Trainstop by Barbara Lehman is a wordless picture book about a young girl who has a magical experience on what is an otherwise ordinary train ride. The unnamed girl and her parents get on the train in the city. The parents are preoccupied reading their newspaper and the other adults on the train are all reading or talking on the phone or sleeping. But our heroine spends her time looking out the window at the gray city. Then the train goes through a tunnel. On the other side, the girl finds a country setting dotted with tiny houses and windmills. The train stops, and she alights to a lilliputian world, where, with her considerable height, she is able to save the day. One might suspect, by the way everyone else on the train sleeps through the whole incident, that the girl's experience is a dream. However, the magic follows her home, and the reader is left with an impression that magic can sprout up anytime in the midst of an ordinary day. I think that kids will love it!
With a wordless picture book, the illustrations are, of course, everything. In this case, Lehman's watercolor, gouache, and ink pictures convey mood through clever perspective shifts and the subtle use of color. The girl's pink and yellow striped shirt stands out, compared to the more somber clothes of the other adults and the muted colors of the train car. Only the train's route map is equally colorful, representing, perhaps, the possibilities of travel. Several of the illustrations feature the girl looking out of the window - in some we see her profile and the view, in others we look from outside of the train back in at her interested face. My favorite page is the one where the girl is deciding whether to leave the train on her own. She looks around, and everyone else is sleeping. Even the man on his cell phone sleeps, phone propped up to his ear. She looks a bit doubtful, but of course she can't resist the adventure. And neither will kids. The Lilliputians are priceless. They drive wind-up cars, and wear striped and polka-dotted clothes, and funny hats.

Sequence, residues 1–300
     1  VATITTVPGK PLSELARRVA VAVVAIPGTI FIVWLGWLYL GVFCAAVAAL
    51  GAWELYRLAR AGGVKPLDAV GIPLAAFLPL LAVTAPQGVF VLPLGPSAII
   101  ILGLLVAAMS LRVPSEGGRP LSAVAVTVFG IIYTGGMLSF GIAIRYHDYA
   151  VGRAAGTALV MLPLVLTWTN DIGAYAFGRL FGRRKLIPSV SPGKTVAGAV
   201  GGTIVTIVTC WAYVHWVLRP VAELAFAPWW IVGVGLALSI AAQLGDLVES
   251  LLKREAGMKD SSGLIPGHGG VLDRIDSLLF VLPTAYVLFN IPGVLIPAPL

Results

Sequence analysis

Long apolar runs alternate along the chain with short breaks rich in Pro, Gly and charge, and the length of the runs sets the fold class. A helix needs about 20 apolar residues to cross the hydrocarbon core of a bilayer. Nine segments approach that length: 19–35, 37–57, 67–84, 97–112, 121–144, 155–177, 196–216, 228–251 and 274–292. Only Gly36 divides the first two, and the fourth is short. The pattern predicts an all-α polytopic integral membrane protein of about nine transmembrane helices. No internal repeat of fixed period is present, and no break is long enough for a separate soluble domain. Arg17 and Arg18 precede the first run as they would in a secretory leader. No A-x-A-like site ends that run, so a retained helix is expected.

The miracle of this book is how much Lehman is able to get across without words, how unnecessary words are to tell the story. The girl's face isn't even very detailed, with tiny dots for eyes, and a single line for a mouth. And yet, her thoughts are clear from her expressions and posture. The other thing that I think is genius is the way Lehman juxtaposes whimsical fantasy against a relatively bleak city background. It reminds me a bit of Dorothy leaving the gray Kansas farm and entering Oz.
I highly recommend this title, especially for kids who are interested in trains, or fascinated by the idea of 'little people". I think this would be an excellent fit for older preschoolers who aren't quite reading yet, but understand the notion of using a book to tell a story.
Publisher: Houghton Mifflin
Publication Date: April 2008
Source of Book: A review copy from the publisher
Other Blog Reviews: Pink Me, the Excelsior File. See also my review of Rainstorm, another lovely wordless picture book by the author.
Author Interviews: BookPage (a fun, illustrated interview that I found through World of Words). Also, though not exactly an interview, don't miss The Excelsior File's Robert's Snow feature about Barbara Lehman.
© 2009 by Jennifer Robinson of Jen Robinson's Book Page. All rights reserved.